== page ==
The atmosphere is more open than a Zen monastery but less so than a resort or spa. Located just five hours to the north in British Columbia, the Ashram Yasodhara offers a reflective getaway to individuals of all spiritual traditions. Whether participating in daily yoga classes, attending sacred dance courses or participating in satsangs (communal gatherings devoted to chanting and studying yogic devotional texts), the Ashram offers a reflective experience where visitors are guided towards a deeper understanding of themselves.

“At the Ashram, visitors come seeking time alone, but also wanting to feel a part of a community. It is a place to reflect on your life,” says Elizabeth, a resident of the Ashram.

In 1963, German-born Swami Sivananda Radha, returned from her studies in India and founded the Ashram Yasodhara. Resting on 120 acres along the shores of glacier-fed Kootenay Lake, the Ashram is a vibrant spiritual community with 16 permanent residents. In addition to the Ashram, Swami Radha went on to found 15 additional Radha Centers internationally, one of which is located in Spokane.

In Hindi tradition, an Ashram is a place for disciplined community living. The Ashram Yasodhara is a celibate community that offers comfortable, but separate accommodations for men and women. The Ashram does not allow alcohol or illegal drugs.

Various buildings dot the landscape at the Ashram. While walking along gravel and dirt paths that wind through the site, visitors encounter everything from housing accommodations (the newest of which utilizes a geothermal heat source, and recycled and local materials) and a shared workshop to a community garden and the Temple of Divine Light, a white, circular domed structure built from a visionary dream of Swami Radha’s. A main reception building, that greets visitors when they first arrive houses classrooms, the dining hall where silent meals are shared, and a bookstore with a rich and varied collection of spiritual titles.

All meals prepared at the Ashram are vegetarian and include, as much as possible, organic vegetables grown from their gardens. Meals are nutritionally sound, comprehensive and delicious. Homeade soups, fresh salads and a variety of bean spreads are typical of the fare served daily in the dining hall. Monthly recipes are published on their website.

Central to the Ashram are the yoga courses, intensives and retreats that are offered throughout the year. All classes focus on personal reflection.

“All questions are answered here in an integral way. There is a lot of time here-time expands. I was guided deeper into myself in a way I did not know how to do on my own,” says Elizabeth.

The Ashram’s most popular course is their Yoga Development Course, a three-month intensive that is full for 2007. This course studies the major branches of yoga through group study, personal reflection and practices.

The Ashram also welcomes families with young children, teens and young adults. “We have a Teen Program for ages 13 – 18 and families can be here together and retreat separately, as well,” says Elizabeth.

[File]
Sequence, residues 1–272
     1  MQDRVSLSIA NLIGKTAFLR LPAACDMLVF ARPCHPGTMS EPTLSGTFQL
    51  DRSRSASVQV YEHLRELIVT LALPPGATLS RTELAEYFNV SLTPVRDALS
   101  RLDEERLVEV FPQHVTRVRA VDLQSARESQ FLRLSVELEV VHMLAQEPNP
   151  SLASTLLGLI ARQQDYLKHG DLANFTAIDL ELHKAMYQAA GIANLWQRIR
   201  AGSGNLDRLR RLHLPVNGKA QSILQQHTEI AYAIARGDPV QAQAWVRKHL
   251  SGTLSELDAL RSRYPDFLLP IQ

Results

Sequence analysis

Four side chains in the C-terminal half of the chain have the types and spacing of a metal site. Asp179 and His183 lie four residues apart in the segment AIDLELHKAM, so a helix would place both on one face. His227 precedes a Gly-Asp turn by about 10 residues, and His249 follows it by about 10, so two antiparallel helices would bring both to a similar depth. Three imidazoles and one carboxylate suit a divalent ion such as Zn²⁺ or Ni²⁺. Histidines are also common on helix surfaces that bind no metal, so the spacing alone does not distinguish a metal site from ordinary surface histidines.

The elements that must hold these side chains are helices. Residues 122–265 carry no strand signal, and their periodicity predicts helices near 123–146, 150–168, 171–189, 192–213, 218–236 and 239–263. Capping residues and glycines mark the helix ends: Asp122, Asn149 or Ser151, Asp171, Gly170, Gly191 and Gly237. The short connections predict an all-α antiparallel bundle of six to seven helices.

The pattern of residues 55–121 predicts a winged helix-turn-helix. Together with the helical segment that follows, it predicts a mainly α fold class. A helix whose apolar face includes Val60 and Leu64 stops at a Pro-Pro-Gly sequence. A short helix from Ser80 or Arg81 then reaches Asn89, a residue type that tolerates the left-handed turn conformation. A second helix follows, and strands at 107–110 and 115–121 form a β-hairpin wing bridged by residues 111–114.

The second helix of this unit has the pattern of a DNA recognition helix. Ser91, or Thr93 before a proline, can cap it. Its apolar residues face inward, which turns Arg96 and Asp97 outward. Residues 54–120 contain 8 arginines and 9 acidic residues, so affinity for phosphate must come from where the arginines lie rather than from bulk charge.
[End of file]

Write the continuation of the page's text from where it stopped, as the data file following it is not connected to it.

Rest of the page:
Families on retreat can save up to 40% registration costs, and residents are available for periodic childcare for families with smaller children so that mom and/or dad can attend classes.

The Ashram also supports a Young Adult program, where ages 18 – 30 spend two weeks at the Ashram. Participants receive a 50% discount and perform karma yoga (service to the community) for 8 hours a day full-time, attend daily hatha yoga, satsang and a weekly in-depth reflection class. Young adults are encouraged to develop their focus, discipline and independence in a supportive spiritual environment.

If you are unable to attend one of the scheduled retreats, the Ashram accepts visitors regularly on a pay per night basis. The cost is $100/ night for accommodations, three meals and two hours of karma yoga.

Visitors to the Ashram include an international mix of residents fromVancouver, Montreal and Alberta, B.C., Washington, Idaho, England, Australia and Japan.

“Our goal is harmonious community living. It is a sacred place, not just community. To live teachings of yoga day to day. Throughout the day. It is all about you, us and our evolution.”

For more information and schedules please call (800) 661-8711 or visit http://www.yasodhara.org.

When You Go:

FROM COEUR D’ALENE HEAD north on U.S. 95. You’ll pass through Sandpoint and then Bonner’s Ferry. After Bonner’s, about 15 or 20 miles toward the border, watch for a turn off to the left onto Highway #1 which goes to the U.S. Border Crossing at Porthill, ID (If you continue on U.S. 95 you will end up further east at the Eastport Border Crossing-the long way round!).

Once across the border, head north on Canadian Highway 21 toward Creston. The city of Creston will be on your right. You can drive straight through on 21 (you don’t have to go into Creston). Watch for signs for Highway 3A. The turn is under Highway 3 that goes west to Salmo and Nelson (don’t go there!). Highway 3A goes north along the east shore of Kootenay Lake to where the ferry crosses the lake at Kootenay Bay. It is a winding road up the east shore of the lake.

From Creston to the Ashram takes about 1 hour 15 minutes.

On Highway 3A, you will pass through Crawford Bay and then go up over a low pass and descend toward Kootenay Bay. Watch for a sign to the right to a village called Riondel. There are also signs to the Ashram. This junction is just before you get to the ferry terminal at Kootenay Bay.

Drive north along the Riondel Road about a mile. Watch for Ashram signs pointing to the left onto Walker’s Landing Road.

Turn onto Walker’s Landing Road (a dirt road) and drive about a quarter mile to the end. The first building you will see is the main reception building. Parking is located to the right of the main building.